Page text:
ه‍.ش. ۱۳۹۳ تیر ۹, دوشنبه

==== Margaret Atwood: A woman of many talents =====

Margaret Atwood was born on 18 November 1939 in Ottawa, and grew up in northern Ontario and Quebec, and in Toronto. She received her undergraduate degree from Victoria College at the University of Toronto and her master’s degree from Radcliffe College.
Margaret Atwood is the author of more than forty volumes of poetry, children’s literature, fiction, and non-fiction, but is best known for her novels, which include The Edible Woman (1969), The Handmaid’s Tale (1985), The Robber Bride (1994), Alias Grace (1996), and The Blind Assassin, which won the prestigious Booker Prize in 2000. Her newest novel, MaddAddam (2013), is the final volume in a three-book series that began with the Man-Booker prize-nominated Oryx and Crake (2003) and continued with The Year of the Flood (2009). The Tent (mini-fictions) and Moral Disorder (short fiction) both appeared in 2006. Her most recent volume of poetry, The Door, was published in 2007. In Other Worlds: SF and the Human Imagination, a collection of non-fiction essays appeared in 2011. Her non-fiction book, Payback: Debt and the Shadow Side of Wealth was adapted for the screen in 2012 (From Margaret Atwood's Official website).
 
Margaret Eleanor Atwood is a Canadian poet, novelist, literary critic, essayist, and environmental activist. She is a winner of the Arthur C. Clarke Award and Prince of Asturias Award for Literature, has been shortlisted for the Booker Prize five times, winning once, and has been a finalist for the Governor General's Award several times, winning twice. She is also a founder of the Writers' Trust of Canada, a non-profit literary organization that seeks to encourage Canada's writing community. Among innumerable contributions to Canadian literature, she was a founding trustee of the Griffin Poetry Prize.
While she is best known for her work as a novelist, she has also published fifteen books of poetry. Many of her poems have been inspired by myths and fairy tales, which have been interests of hers from an early age. Atwood has published short stories in Tamarack Review, Alphabet, Harper's, CBC Anthology, Ms., Saturday Night, and many other magazines. She has also published four collections of stories and three collections of unclassifiable short prose works.
Personal life: In 1968, Atwood married Jim Polk; they were divorced in 1973. She formed a relationship with fellow novelist Graeme Gibson soon after and moved to a farm near Alliston, Ontario, north of Toronto, where their daughter Eleanor Jess Atwood Gibson was born in 1976. The family returned to Toronto in 1980. Regarding her religion, Atwood was a noted humanist, and in 1987 she was named Humanist of the Year by the American Humanist Association.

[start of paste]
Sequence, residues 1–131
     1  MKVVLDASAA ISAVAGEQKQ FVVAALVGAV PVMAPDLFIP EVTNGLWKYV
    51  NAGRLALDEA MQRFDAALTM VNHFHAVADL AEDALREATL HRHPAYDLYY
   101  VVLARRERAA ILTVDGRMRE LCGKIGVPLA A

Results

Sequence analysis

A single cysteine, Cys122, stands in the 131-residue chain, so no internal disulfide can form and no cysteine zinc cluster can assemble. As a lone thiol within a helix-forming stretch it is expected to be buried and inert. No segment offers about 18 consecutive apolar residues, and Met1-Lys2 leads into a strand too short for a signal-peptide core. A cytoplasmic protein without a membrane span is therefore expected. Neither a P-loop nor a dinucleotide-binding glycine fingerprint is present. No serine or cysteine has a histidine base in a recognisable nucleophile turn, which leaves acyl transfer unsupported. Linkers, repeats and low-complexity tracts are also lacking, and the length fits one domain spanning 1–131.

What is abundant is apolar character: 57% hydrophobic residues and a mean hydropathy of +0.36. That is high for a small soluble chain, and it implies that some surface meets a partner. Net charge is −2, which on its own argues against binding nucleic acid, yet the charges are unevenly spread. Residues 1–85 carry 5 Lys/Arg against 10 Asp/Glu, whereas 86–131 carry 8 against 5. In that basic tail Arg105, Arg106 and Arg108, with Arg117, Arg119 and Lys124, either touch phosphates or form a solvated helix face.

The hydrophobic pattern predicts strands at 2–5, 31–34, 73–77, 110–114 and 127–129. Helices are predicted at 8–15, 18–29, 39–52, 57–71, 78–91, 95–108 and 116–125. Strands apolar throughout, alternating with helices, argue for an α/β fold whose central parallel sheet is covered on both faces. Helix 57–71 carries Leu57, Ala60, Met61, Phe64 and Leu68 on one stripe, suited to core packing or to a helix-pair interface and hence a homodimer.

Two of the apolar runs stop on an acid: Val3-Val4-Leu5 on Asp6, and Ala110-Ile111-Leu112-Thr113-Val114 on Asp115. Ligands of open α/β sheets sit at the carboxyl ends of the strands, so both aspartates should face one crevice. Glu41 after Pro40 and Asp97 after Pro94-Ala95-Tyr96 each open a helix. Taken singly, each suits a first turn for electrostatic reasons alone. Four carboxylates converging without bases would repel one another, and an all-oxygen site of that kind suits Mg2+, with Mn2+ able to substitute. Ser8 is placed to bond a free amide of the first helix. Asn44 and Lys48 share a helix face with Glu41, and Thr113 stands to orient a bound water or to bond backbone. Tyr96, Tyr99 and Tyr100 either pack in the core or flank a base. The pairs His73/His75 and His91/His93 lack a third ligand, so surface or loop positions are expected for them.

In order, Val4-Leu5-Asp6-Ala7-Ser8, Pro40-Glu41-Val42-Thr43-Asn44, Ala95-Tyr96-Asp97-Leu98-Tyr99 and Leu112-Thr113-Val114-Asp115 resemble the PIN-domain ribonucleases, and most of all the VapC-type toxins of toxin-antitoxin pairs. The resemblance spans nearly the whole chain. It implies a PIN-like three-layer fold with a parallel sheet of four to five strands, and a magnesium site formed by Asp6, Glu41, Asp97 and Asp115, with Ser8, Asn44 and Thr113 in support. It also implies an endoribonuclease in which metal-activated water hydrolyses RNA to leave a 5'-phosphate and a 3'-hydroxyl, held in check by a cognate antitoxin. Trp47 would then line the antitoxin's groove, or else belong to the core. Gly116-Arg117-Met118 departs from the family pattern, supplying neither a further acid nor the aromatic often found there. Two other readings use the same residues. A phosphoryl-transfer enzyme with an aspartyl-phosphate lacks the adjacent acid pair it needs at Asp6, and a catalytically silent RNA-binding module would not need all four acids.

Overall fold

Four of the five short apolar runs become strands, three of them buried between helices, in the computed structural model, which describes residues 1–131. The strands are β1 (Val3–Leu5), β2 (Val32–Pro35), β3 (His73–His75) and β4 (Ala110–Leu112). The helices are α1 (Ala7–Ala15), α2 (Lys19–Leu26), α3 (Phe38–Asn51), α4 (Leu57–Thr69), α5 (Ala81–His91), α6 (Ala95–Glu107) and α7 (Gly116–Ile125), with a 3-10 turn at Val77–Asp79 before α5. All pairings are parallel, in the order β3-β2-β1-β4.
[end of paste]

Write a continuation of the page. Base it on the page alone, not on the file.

Atwood and feminism: Atwood, who was surrounded by the intellectual dialogue of the female faculty members at Victoria College at University of Toronto, often portrays female characters dominated by patriarchy in her novels. Still, Atwood denies that The Edible Woman, for example, published in 1969 and coinciding with the early second wave of the feminist movement, is feminist and claims that she wrote it four years before the movement. Atwood believes that the feminist label can only be applied to writers who consciously work within the framework of the feminist movement.
Contribution to the theorizing of Canadian identity: Atwood’s contributions to the theorizing of Canadian identity have garnered attention both in Canada and internationally. Her principal work of literary criticism, Survival: A Thematic Guide to Canadian Literature, is considered outdated in Canada but remains the standard introduction to Canadian literature in Canadian Studies programs internationally. In Survival, Atwood postulates that Canadian literature, and by extension Canadian identity, is characterized by the symbol of survival. This symbol is expressed in the omnipresent use of “victim positions” in Canadian literature. These positions represent a scale of self-consciousness and self-actualization for the victim in the “victor/victim” relationship. The "victor" in these scenarios may be other humans, nature, the wilderness or other external and internal factors which oppress the victim. Atwood’s Survival bears the influence of Northrop Frye’s theory of garrison mentality; Atwood instrumentalizes Frye’s concept to a critical tool.